Proms at … Cadogan Hall, PCM5 – Shostakovich – Alexander Melnikov & Latvian Radio Choir

24 Preludes and Fugues, Op.87 [selections]
interspersed with
Ten Poems on Texts by Revolutionary Poets, Op.88 [selections]

Alexander Melnikov (piano)

Latvian Radio Choir
Sigvards Kļava

Reviewed by: Barnaby Page

Reviewed: 14 August, 2017
Venue: Cadogan Hall, London

Sigvards KļavaPhotograph: www.neurecords.comShostakovich’s Preludes and Fugues and his Poems on Texts by Revolutionary Poets both date from that period in the early-1950s when the composer was still trying to get back into Stalin’s good books by producing patriotic, unquestioning music.

So it is startling how subversive the Preludes and Fugues, at least, are: it is impossible to miss the angst surfacing from the apparently placid No.1, for example, or the many dissonances which Alexander Melnikov delivered with a kind of controlled rage utterly appropriate to this music. They are overtly Bachian as well, perhaps most obviously in the opening of No.7 – and Melnikov’s style – precise and not over-demonstrative but not lacking in passion either – brought out nicely that aspect of this deceptively complex, multi-layered music too. Most impressive of all was the Prelude of No.3, one of the most hectic and anguished in the sequence, contrasting vividly with the delicate opening of its Fugue.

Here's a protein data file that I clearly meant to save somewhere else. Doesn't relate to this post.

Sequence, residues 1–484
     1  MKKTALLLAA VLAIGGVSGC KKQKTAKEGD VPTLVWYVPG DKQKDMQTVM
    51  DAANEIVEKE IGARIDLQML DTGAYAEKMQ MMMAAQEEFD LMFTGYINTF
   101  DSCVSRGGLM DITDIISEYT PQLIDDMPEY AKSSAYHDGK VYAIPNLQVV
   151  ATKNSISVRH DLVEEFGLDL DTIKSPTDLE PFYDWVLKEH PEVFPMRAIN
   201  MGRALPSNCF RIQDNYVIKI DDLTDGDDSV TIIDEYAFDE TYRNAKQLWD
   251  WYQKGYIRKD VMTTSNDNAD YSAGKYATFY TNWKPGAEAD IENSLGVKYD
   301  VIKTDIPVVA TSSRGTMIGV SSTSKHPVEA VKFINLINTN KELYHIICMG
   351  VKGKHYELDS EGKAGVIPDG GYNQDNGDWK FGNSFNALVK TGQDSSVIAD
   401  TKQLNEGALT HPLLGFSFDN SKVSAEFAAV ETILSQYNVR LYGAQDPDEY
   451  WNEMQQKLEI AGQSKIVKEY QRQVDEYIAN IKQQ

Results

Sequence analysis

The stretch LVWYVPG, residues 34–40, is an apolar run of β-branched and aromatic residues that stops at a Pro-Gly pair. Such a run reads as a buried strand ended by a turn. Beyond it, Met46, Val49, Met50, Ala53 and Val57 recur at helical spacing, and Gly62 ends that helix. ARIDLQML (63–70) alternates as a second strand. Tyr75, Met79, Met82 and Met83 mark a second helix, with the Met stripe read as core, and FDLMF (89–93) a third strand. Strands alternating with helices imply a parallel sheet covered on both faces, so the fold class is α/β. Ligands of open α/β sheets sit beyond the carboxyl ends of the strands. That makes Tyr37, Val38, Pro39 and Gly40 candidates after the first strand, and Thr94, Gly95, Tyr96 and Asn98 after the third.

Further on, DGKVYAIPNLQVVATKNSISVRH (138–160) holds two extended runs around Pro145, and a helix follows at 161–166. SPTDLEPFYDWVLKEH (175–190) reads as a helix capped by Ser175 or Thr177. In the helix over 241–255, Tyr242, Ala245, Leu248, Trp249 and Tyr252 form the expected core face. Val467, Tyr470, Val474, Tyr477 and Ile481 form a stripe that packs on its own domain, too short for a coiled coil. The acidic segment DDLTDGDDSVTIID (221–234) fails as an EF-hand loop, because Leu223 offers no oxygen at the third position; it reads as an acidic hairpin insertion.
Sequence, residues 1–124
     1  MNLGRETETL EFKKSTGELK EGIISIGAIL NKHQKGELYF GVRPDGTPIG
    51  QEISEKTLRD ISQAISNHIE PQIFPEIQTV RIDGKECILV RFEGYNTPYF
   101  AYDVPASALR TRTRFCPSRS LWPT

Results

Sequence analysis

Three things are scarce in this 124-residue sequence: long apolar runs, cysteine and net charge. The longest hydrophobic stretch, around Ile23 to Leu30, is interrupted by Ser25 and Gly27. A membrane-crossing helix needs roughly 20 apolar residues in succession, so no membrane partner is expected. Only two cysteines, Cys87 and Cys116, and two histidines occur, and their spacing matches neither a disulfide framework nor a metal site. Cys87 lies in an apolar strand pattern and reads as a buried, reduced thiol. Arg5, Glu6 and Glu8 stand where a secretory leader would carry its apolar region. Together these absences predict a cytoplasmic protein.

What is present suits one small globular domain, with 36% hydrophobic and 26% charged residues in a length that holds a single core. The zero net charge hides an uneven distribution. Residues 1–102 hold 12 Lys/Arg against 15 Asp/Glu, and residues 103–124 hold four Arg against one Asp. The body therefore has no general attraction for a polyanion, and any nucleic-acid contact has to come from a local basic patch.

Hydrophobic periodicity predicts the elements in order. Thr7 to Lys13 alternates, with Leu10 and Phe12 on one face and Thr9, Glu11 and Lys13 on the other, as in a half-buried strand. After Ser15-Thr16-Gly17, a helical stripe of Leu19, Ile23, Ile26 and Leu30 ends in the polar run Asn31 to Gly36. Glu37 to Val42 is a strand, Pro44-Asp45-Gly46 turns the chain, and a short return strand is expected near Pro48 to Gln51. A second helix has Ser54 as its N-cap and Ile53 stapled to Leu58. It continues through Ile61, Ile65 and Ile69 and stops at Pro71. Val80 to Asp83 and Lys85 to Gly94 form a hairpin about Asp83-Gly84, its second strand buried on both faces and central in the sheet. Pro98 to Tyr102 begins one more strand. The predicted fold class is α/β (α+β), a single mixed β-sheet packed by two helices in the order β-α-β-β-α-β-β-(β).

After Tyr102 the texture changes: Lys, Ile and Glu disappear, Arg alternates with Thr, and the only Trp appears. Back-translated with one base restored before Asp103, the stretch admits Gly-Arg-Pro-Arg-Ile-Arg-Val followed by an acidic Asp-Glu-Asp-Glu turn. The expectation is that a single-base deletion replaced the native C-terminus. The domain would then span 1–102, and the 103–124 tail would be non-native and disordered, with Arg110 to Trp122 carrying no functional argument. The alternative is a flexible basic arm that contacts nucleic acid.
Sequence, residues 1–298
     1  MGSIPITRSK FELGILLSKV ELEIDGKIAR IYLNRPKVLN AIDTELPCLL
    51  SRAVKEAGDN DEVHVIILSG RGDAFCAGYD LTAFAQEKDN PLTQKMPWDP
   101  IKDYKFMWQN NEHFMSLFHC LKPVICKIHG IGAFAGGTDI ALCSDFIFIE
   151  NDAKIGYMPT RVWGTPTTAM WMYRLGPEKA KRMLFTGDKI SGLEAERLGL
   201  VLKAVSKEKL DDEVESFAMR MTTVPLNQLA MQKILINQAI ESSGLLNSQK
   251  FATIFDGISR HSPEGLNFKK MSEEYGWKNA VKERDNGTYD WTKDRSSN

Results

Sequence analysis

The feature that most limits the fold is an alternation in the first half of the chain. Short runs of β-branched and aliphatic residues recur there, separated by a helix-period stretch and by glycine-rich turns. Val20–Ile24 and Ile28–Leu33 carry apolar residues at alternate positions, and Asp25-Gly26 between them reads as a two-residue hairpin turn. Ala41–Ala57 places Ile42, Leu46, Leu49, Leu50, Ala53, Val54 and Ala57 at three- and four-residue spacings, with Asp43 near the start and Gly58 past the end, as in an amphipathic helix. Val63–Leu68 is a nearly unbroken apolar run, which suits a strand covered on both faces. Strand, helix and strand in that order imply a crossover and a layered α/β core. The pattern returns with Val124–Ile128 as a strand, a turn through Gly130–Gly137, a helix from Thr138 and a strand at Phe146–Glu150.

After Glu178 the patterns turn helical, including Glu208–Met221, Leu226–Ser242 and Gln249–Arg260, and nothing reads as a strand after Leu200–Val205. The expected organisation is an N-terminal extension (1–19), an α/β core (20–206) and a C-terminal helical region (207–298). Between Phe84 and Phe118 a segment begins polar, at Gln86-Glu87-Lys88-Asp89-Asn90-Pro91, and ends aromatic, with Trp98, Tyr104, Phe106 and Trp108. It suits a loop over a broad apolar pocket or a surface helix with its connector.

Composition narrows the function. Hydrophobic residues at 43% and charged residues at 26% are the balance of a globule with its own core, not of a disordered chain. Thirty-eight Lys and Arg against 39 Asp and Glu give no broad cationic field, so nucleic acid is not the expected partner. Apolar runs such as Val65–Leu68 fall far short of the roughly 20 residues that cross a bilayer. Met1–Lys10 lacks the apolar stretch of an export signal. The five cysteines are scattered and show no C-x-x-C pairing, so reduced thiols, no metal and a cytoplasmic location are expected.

The six Preludes and Fugues from Melnikov were interspersed with selections from Poems on Texts by Revolutionary Poets. Here the Latvian Radio Choir showed itself firmly in command of the music in a careful, fluent performance. These settings are less musically intriguing than the Preludes and Fugues, and they are not as tediously propagandist as one might fear, being concerned with the struggles of the early Bolsheviks rather than the heroic quota-achievers of the tractor factories.

The highlights were ‘The Shooting Has Grown Silent’ and ‘May Day’; but the choir was efficient throughout (more than achieving its musicality quota, you might say), the men sonorous and the sopranos only very occasionally shrill, their contribution making for an imaginatively-programmed and satisfying contrast to the piano numbers.

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